Estimated read time: 2-3 minutes
This archived news story is available only for your personal, non-commercial use. Information in the story may be outdated or superseded by additional information. Reading or replaying the story in its archived form does not constitute a republication of the story.
SALT LAKE CITY -- Six years into a 10-year plan to end homelessness in Salt Lake County, hundreds gathered for a ribbon cutting Wednesday. They celebrated the opening of a project that some considered controversial.
Those who came to celebrate the new 70-unit apartment complex opening represented many organizations. The complex, located near 3000 South and 3600 West, is home to people 55 and older with physical or mental disabilities.
"This facility represents that kind of thinking of taking in a stranger, of taking in one who needs help at this time; and also, importantly, it represents the outreach," said Bishop Richard C. Edgley, who was representing the Humanitarian Services program of The Church of Jesus Christ of Latter-day Saints.
- End chronic homelessness by moving people off the streets and into permanent, supported housing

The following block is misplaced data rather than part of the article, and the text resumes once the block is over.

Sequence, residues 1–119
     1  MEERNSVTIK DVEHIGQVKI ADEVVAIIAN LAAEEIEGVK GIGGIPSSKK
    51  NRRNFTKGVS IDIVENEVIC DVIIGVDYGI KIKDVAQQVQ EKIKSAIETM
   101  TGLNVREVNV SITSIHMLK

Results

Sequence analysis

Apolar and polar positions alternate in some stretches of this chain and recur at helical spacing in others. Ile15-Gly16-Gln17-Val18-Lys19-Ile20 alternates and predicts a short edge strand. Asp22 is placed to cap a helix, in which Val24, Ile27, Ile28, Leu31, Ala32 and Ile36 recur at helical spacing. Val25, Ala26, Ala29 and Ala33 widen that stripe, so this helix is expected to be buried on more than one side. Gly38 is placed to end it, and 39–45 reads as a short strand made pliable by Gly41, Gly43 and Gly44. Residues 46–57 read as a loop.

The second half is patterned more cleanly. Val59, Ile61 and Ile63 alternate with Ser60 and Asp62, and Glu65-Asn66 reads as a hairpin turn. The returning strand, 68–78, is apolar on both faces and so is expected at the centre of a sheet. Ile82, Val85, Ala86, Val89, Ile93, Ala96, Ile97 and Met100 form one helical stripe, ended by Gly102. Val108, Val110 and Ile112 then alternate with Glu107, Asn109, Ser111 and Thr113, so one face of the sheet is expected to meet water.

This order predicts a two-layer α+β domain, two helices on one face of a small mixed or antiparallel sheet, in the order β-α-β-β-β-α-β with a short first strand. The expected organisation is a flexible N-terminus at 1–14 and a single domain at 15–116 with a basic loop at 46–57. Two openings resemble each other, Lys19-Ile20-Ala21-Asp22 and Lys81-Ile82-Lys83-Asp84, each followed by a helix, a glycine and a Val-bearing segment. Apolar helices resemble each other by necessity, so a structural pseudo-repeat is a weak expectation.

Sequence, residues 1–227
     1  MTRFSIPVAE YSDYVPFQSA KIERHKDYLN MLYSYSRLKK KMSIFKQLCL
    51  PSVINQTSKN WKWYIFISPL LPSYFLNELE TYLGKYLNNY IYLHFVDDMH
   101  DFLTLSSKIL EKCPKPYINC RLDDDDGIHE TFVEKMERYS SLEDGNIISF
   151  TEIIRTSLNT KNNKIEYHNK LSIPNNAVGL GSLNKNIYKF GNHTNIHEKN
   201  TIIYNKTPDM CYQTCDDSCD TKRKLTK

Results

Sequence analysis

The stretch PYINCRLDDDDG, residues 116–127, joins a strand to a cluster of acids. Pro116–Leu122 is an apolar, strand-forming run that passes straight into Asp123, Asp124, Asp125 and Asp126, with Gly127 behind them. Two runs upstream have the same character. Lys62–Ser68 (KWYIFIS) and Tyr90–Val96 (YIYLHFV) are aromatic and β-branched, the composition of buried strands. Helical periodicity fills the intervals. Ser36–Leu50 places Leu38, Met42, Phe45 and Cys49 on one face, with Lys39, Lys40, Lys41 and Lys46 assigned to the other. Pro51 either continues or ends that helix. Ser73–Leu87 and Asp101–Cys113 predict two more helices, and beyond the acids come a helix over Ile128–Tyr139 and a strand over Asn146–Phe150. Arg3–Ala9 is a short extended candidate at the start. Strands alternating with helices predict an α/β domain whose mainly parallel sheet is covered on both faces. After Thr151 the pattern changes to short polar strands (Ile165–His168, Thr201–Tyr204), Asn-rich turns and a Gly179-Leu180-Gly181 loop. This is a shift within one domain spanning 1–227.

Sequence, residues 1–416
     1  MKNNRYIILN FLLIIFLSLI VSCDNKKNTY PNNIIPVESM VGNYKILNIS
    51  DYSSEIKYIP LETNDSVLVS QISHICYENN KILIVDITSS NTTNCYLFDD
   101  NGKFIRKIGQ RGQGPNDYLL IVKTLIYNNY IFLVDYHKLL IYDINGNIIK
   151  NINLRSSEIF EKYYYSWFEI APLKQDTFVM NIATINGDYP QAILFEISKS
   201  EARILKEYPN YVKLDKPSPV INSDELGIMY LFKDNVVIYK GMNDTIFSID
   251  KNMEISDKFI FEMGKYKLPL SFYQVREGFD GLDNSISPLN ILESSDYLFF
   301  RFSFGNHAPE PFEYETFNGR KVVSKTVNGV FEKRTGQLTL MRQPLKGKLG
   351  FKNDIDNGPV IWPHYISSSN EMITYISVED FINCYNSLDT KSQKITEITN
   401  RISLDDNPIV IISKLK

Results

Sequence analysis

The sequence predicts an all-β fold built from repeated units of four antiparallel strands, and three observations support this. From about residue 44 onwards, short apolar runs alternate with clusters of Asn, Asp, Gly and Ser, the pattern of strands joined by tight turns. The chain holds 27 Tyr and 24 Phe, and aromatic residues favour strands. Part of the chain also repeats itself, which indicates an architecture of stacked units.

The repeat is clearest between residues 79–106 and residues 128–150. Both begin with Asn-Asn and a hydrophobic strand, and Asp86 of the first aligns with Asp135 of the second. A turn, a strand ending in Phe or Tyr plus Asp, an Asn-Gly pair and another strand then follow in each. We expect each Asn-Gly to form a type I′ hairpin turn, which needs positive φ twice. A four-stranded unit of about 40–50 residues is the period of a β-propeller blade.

- Expand access to affordable housing and reduce overall homelessness by 40 percent
- Prevent homelessness by easing people's transition from domestic violence shelters, jails, prisons, mental health institutions and foster care
- Create a statewide database to chart outcomes and drive change
"Really, it is all of you who are sitting here today, and standing -- this great crowd and many, many more -- who really show us what the spirit of Utah is," said Palmer DePaulis, executive director of the Utah Department of Human Services.
For more than 20 years, Kelly Benson has worked to help the homeless and mentally ill. The new apartments are named for him. The corridors are wide enough for wheelchairs or walkers, and each apartment has a living/dining room, kitchen, bath and two bedrooms.
"Everybody worships the one person who couldn't find a room for the night. I think that makes these special people," Benson said.
Denise Martinez was homeless, living along the river. Now she's a new resident.
"A bathroom and a shower and a bed -- I fell off of the bed twice because I wasn't used to sleeping on a bed, used to sleeping in a tent," Martinez said.
As the apartments were being built, there was controversy with the neighbors who worried about who would be living there. Now, as their children pass through the property on their way to and from school, they wave to the residents.
"They think these residents are cool. What a long way we've come!" said community advocate Pamela Atkinson. "Our friends, the residents who may have been homeless once, are full of dignity and deserve our respect and our love."
Representatives from government agencies, businesses, foundations and faiths echoed one another Wednesday in the belief that recovery and independence is possible for those who are homeless.